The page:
What You Need to Know About China's Swine Industry
By Betsy Freese, Successful Farming
Agriculture.com - 1/12/2018
Swine veterinarian John Kolb spent the past two years working in China, calling the experience “challenging, sometimes frustrating, but always interesting.” The Chinese swine industry produces as many pigs as the rest of the countries in the world combined, he explains, so U.S. producers need to watch what is happening there.
The changes to the Chinese swine industry have accelerated as the country moves to become more food self-sufficient, says Kolb, but not every farm moves at the same pace. “There is a broad range of experience, skill, and willingness to adapt and improve among producers.”
Most traditional farms have a factory look and have buildings that were designed for manufacturing purposes, making them very difficult to ventilate. The layout was simply copied from other industrial facilities to save costs. Larger and more professional pork producers are seeking out Western input. Facilities and pig flow are improving in the modernizing parts of the industry, says Kolb.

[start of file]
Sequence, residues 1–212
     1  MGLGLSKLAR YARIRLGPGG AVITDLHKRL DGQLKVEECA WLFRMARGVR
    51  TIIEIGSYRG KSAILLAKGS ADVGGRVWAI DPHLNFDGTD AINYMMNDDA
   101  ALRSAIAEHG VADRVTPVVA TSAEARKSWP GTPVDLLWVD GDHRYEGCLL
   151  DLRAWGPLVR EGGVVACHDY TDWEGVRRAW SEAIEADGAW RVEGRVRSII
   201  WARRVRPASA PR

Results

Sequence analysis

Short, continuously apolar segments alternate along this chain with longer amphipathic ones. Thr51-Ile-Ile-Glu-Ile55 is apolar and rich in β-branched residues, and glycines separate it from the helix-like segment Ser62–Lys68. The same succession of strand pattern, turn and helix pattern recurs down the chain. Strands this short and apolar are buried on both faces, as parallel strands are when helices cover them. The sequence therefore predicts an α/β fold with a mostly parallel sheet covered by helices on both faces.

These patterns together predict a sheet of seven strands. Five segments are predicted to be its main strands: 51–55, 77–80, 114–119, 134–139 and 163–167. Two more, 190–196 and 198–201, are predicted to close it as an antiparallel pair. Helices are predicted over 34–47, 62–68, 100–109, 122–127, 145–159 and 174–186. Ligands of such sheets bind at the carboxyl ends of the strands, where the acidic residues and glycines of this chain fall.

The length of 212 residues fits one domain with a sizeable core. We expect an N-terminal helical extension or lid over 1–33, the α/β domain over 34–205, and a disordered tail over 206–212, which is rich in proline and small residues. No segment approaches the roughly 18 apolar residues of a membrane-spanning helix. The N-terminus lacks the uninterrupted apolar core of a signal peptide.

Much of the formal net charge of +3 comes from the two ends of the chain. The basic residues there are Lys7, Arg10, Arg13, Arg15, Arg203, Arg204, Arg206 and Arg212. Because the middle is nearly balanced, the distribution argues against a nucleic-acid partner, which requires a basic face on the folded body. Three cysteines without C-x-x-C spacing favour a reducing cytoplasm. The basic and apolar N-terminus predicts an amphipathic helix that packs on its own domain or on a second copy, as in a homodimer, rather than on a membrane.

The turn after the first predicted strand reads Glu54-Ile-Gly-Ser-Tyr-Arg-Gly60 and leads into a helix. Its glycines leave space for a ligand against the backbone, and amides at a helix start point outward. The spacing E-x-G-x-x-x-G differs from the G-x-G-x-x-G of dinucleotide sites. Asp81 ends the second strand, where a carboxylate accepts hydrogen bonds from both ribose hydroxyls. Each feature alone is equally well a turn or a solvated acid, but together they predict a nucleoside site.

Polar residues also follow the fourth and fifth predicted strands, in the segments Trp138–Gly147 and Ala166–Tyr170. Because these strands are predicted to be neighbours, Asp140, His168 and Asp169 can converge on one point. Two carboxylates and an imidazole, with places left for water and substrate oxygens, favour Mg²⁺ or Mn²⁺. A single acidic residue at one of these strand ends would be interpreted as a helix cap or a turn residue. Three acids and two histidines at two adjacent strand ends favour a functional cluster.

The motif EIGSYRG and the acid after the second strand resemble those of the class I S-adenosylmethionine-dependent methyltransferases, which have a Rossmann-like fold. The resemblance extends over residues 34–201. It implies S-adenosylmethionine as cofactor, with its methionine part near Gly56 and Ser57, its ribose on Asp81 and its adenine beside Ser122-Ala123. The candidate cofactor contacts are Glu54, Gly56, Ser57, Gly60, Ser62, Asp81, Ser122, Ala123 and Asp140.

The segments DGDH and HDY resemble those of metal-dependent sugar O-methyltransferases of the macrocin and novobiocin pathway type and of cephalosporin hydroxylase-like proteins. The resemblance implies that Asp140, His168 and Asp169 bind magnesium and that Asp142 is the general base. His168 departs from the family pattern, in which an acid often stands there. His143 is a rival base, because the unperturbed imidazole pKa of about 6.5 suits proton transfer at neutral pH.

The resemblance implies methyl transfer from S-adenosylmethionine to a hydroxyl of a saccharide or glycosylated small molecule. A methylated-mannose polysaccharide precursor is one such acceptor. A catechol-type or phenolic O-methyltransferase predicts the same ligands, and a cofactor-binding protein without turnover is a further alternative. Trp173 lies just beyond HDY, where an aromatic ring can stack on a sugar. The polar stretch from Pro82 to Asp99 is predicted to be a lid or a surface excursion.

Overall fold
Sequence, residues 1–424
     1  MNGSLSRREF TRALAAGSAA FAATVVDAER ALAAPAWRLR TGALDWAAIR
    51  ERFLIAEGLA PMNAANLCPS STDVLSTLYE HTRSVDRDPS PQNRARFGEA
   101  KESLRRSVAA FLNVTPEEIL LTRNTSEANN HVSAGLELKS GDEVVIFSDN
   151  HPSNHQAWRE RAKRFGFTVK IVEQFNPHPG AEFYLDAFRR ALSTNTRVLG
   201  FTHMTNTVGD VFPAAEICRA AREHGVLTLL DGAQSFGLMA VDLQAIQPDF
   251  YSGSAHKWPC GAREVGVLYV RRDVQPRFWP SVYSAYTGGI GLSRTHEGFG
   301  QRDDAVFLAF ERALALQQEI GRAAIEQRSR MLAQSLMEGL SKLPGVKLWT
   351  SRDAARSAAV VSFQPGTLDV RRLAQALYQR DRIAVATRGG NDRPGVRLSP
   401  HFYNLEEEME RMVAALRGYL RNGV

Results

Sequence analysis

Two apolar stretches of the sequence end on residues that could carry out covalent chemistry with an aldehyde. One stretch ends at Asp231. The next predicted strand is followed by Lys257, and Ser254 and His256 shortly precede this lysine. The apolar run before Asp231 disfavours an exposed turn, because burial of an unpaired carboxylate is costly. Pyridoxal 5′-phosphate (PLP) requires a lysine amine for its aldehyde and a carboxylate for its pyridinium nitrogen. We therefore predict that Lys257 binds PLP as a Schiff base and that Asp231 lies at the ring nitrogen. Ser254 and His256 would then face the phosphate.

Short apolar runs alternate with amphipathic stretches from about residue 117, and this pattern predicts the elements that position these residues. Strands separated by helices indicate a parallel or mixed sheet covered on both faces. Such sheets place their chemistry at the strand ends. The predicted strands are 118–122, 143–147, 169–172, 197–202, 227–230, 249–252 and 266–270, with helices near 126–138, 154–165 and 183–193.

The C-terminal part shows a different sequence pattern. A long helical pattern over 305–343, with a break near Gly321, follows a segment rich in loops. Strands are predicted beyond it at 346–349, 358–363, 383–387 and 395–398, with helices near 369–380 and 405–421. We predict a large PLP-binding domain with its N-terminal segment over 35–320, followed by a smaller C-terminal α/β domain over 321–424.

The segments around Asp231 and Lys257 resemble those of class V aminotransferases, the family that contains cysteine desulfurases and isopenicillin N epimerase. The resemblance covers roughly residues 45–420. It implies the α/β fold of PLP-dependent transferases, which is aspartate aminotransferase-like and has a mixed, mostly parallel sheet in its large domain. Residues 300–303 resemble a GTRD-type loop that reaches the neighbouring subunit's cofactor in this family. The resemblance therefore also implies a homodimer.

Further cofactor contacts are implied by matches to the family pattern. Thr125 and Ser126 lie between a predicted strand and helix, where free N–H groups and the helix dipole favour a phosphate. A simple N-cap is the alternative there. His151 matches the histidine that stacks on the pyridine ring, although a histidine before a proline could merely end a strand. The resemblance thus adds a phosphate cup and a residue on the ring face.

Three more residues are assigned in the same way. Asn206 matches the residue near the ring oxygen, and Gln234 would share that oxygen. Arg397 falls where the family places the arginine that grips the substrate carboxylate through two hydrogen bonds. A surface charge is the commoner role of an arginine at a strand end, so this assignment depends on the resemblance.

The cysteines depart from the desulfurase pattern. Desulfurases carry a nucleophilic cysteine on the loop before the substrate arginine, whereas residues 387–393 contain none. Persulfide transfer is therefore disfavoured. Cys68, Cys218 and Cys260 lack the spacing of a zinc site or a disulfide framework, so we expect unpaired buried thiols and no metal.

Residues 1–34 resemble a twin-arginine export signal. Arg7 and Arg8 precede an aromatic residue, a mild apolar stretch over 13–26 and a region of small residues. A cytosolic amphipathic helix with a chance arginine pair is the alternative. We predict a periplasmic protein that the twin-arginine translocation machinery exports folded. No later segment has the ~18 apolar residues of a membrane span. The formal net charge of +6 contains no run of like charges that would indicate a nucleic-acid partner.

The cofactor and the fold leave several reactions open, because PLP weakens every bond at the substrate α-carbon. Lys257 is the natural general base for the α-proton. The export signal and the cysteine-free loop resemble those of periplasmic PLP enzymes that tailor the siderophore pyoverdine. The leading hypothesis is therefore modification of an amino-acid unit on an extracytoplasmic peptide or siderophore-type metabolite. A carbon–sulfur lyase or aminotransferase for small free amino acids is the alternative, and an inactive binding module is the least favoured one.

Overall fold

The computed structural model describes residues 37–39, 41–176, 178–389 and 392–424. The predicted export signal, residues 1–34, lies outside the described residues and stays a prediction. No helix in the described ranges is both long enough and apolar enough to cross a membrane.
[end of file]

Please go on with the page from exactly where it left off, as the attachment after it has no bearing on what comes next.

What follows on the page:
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Economic drivers will force Chinese hog farms to become more efficient and productive, says Kolb. In general, production costs are double that of the U.S.
Grain prices are expected to remain high for Chinese producers, with both proposed increases in supports for grain prices and expanded use of bio-fuels.
“High feed costs and variable feed-quality problems do restrict the competitiveness of pork and poultry producers in China compared with North American producers,” says Kolb.
Financial competitiveness, as in the U.S., varies greatly from larger, integrated producers to small suppliers, he says. Biologic performance likewise varies greatly. Top-quality production systems can achieve 25 pigs per sow per year (PSY) or more on a system-wide basis, making them competitive in any marketplace. However, the performance is more variable than that in the U.S. Middle- and lower-quality farms in China often produce less than 15 PSY.
“There are top-10 producers in China still struggling to get to 20 PSY,” says Kolb. “Similar to the late 1990s in the U.S., more efficient Chinese producers or those with access to land and capital may be positioned to acquire systems with poorer financial performance.”
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